How to use a Wort Chiller to Cool Homebrew

beer and hops

Immersion wort chillers are the most cost efficient answer to chilling wort. These are simple heat exchangers consisting of a copper coil with a cold water inlet and a hot water outlet. When there are 30 minutes left in the boiling time, the wort chiller is thoroughly cleaned and immersed into the boiling wort.

At the end of the boil the inlet hose is attached to a cold water supply and the cold water is run through the copper coil. Heat is transferred from the wort and expelled through the outlet hose. The wort temperature change is fast which aids in the development of cold-break. (Tip: the hot water run-out is great for cleaning up).

Our 25' Dual Coil Chiller was designed built and tested by us. The design provides a single length of 3/8" copper twisted into two cooling coils. The inner coil extracts heat from the center of brew pot while the outer coil cools the area around the inside wall. This eliminates the need for stirring during heat extraction and keeps the brew pot closed. Rigid coil construction protects these units from crimping. It comes complete with 30" inlet hose and standard hose fitting, 30" outlet hose.

Adjusting the Chiller to your Brew Pot

This wort chiller has been manufactured with the coils close together to reduce the size for shipping. You should adjust the spacing of the coils to suit the depth of your brew pot. Start with the bottom of the inside coil and carefully stretch the coils apart for one complete circle. Now stretch the outside coil in the same way. Repeat the process until the chiller sits firmly in the bottom of the pot and the in-let and out-let hoses are outside of the pot rim.

How to Use Leeners Dual Coil Wort Chiller

Prepare your wort chiller for use as soon as you start the brewing process. Rinse the chiller with hot water and remove any loose dirt. A light scrubbing with a soft cloth will remove any heavy soils. Never use copper, brass or stainless steel scrubbers to clean the chiller. They will scratch the copper coils and provide hiding places for bacteria. Rinse the chiller again with hot water.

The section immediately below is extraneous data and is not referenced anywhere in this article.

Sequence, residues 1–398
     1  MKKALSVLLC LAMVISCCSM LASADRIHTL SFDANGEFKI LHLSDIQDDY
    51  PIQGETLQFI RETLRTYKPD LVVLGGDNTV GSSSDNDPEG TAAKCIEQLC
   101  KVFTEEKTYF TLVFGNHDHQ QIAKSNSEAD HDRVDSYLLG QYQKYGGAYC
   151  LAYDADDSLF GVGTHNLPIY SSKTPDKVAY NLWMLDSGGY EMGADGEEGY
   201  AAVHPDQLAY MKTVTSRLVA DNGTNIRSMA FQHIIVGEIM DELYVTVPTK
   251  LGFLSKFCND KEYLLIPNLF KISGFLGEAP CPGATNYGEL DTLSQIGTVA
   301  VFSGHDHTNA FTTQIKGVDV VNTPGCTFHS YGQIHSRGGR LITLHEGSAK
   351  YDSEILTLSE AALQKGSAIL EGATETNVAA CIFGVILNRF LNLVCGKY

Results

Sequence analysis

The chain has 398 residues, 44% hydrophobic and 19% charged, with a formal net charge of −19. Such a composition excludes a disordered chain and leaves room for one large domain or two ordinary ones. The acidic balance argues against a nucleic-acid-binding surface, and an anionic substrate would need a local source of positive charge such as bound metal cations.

Make a solution of one-half cup white vinegar and five gallons of cold water. Place the chiller into the solution and to soak until it’s time to place it in the brew pot. The vinegar solution will cause the copper coils to oxidize and finish the cleaning process.

When there are 30 minutes left in the brewing schedule rinse the chiller with hot water two or three times. Be sure to wash away all of the vinegar solution. Place the rinsed chiller directly into the brew pot. Position the inlet and outlet hoses away from the heat source. The chiller must be boiled for at least 25 minutes. This will sterilize the coil and allow a trace of copper to be imparted to the wort. Trace cooper is an important yeast nutrient.

At the end of the boil cover the brew pot tightly with aluminum foil. Move the pot closer to the sink if necessary. Make sure that the outlet hose (no fitting on the end) is placed securely to the sink drain. The water exiting the wort chiller will be boiling hot. Make sure it is discharged safely. It may spit and sputter at first.

Connect the inlet hose to the cold water source and turn on the water. It is not necessary to flush water through the chiller. A slower steady flow is best. The water exiting the chiller should be hot. If the exit water is cold, the flow is to fast. The object of the chiller is to extract heat from the pot and the water must flow just fast enough to carry the heat away.

The wort which is in contact with the copper coil will chill quickly. When the exit water becomes cool (about 5 minutes) simply move the chiller inside the brew pot to change the location of the coils. Hold the chiller by the hoses and turn the brew pot half way around. Use pot holders to protect your hands. The wort should be cooled within 30 minutes depending on your brew pots volume.

Chilling wort quickly will cause solids (proteins, hops, etc.) to precipitate out of the wort. This solid matter is called trub. To avoid transferring the trub to the primary fermenter you can slowly remove the chiller and then gently pour the wort directly into the fermenter keeping the majority of the trub in the pot. Pouring the wort through a sieve will also help. A better method is to siphon the wort from the brew pot to the fermenter. A racking cane can be inserted between the chiller and the wall of the pot. First, place the bottom of the racking cane about half way into the pot. As the level of the wort drops, slowly move the cane deeper into the pot. This will avoid the trub. Don't worry about some trub getting through. It’s beneficial to the yeast. The cooling water should be left on to provide additional cooling as the wort is pulled between the coils and into the siphon. Be sure to allow the wort to splash into the fermenter and pick up oxygen.

Repeat the cleaning process and store your dry wort chiller inside your brew pot until the next brew day.

homebrewed beer with malted grains and hop flowers

Home Beer Brewing

Brewing beer is an American Tradition.